Chief Justice John Roberts and Justice Elena Kagan, perhaps more than their colleagues, are acutely aware that the Supreme Court may be hurtling toward catastrophe. They know that if the court is viewed as illegitimate, it loses its authority.
If we lose faith in the court, it has no power to make us adhere to its decisions.
Indeed the court, and therefore our system of checks and balances, is in crisis, facing historically low approval ratings. That matters because the court lives or dies on its ability to command our respect. As Alexander Hamilton noted in the Federalist Papers, judges have “no influence over either the sword or the purse.” If we lose faith in the court, it has no power to make us adhere to its decisions.
Roberts and Kagan are not alone in openly worrying about the future of the court. The last of Donald Trump’s three nominees to the Supreme Court, Justice Amy Coney Barrett, voiced concern that the court is viewed as a partisan government body. Of course, Barrett’s nomination and confirmation did nothing but fan the flames of this perception problem. Trump nominated Barrett on the eve of the 2020 presidential election and she was confirmed after early voting had already begun. This happened four and a half years after Barack Obama nominated Merrick Garland to the Supreme Court, and Sen. Mitch McConnell and his colleagues denied Garland a hearing. As a result, a Supreme Court seat stood vacant for almost a full year. At the time, McConnell said Garland would not even have a confirmation hearing because it was too close to the presidential election.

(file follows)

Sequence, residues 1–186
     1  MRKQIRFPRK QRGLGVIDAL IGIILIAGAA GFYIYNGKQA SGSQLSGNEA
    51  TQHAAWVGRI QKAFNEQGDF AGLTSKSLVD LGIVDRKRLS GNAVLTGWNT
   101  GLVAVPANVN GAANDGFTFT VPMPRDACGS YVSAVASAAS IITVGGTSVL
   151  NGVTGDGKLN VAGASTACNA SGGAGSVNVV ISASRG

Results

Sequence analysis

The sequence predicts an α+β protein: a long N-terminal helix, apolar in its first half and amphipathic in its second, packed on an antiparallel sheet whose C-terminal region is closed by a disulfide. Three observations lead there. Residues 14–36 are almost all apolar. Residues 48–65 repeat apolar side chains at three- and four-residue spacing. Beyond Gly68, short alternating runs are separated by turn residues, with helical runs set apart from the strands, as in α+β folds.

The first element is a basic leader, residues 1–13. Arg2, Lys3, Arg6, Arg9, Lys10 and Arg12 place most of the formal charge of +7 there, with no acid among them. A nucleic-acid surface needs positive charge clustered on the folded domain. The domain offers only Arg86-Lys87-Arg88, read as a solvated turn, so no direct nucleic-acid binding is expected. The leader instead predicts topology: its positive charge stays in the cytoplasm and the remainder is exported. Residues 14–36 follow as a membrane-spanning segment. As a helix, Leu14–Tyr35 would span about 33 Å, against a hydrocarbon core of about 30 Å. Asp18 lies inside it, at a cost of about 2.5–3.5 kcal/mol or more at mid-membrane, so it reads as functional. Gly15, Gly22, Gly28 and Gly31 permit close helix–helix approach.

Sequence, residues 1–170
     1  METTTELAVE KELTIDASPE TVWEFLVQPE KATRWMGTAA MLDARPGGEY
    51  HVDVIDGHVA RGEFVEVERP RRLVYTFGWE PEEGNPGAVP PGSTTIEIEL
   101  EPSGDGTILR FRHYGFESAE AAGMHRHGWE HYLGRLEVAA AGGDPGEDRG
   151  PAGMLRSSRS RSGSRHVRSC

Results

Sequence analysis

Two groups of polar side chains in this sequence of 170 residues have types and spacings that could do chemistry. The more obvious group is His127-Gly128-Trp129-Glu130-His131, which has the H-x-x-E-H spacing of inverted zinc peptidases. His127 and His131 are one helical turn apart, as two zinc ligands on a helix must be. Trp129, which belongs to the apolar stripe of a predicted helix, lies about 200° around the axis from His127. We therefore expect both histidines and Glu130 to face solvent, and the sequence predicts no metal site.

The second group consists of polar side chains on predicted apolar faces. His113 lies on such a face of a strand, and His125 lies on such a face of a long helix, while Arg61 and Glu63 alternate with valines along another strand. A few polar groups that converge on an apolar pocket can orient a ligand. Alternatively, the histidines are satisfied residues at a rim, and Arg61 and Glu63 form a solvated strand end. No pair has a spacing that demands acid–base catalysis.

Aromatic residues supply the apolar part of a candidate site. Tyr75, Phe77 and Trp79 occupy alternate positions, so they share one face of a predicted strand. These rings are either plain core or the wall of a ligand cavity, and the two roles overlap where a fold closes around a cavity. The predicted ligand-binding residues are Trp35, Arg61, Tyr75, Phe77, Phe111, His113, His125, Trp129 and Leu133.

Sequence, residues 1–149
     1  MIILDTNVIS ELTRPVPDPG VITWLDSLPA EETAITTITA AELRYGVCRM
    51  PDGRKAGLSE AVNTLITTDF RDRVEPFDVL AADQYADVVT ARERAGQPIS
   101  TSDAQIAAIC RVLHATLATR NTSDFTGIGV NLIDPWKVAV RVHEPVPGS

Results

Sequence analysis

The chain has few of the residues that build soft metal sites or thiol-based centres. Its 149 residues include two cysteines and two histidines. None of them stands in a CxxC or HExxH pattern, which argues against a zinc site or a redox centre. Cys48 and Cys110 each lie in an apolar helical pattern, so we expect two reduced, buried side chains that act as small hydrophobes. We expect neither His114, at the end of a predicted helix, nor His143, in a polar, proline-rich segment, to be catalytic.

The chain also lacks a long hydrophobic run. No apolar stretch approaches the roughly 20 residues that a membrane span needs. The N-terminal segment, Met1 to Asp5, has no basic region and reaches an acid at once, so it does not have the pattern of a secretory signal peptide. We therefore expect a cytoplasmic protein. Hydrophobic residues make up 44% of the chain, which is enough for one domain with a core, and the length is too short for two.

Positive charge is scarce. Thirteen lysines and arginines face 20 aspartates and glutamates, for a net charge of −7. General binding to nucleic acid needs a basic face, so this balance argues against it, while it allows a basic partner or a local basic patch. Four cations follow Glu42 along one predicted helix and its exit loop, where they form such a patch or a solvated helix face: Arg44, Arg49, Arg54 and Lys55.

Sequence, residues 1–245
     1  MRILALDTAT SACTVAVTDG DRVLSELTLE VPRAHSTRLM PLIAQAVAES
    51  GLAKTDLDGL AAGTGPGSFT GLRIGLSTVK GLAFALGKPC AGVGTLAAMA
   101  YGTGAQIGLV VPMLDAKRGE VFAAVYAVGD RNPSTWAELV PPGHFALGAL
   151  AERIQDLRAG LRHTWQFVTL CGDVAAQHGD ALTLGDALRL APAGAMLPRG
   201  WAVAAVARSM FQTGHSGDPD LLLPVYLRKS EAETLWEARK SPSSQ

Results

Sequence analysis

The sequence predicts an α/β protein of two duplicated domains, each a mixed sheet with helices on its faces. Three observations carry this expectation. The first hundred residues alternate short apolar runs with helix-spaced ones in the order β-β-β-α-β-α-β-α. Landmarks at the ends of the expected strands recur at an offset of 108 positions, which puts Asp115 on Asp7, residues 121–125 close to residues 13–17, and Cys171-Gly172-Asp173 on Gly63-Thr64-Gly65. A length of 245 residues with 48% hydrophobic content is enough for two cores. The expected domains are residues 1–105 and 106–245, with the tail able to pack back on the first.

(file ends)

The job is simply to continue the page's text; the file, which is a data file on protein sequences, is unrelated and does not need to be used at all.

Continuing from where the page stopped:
Obama nominated Garland in March 2016, eight months before the 2016 election. Trump nominated Barrett in late September 2020, five weeks before the 2020 election.
As many of us suspected, Roberts tried desperately to find a middle ground to prevent the Supreme Court from overturning Roe v. Wade, the case which explicitly held that the right to an abortion is protected by the Constitution. He failed. Kagan spoke at a judicial conference and delivered the message that judges must act like judges, not politicians. Both are acts of justices trying to keep the Supreme Court from sinking. Roberts is looking for gum to plug the holes, while Kagan is searching for buckets to throw the oncoming water overboard.
CNN’s Joan Biskupic wrote that Roberts tried and failed to garner the votes for a middle-ground approach that would have upheld Mississippi’s 15-week ban on abortions, but also leave the right to obtain an abortion as protected by the Constitution untouched. Roberts’ efforts died when the draft opinion of the Dobbs decision that overturned Roe was leaked to the press. Roberts almost certainly wanted to torpedo Roe. But, unlike his conservative colleagues, he didn’t want to sink the Supreme Court in the process, and therefore likely preferred to wait a few more years before erasing abortion protections from the Constitution.
Roberts is looking for gum to plug the holes, while Kagan is searching for buckets to throw the oncoming water overboard.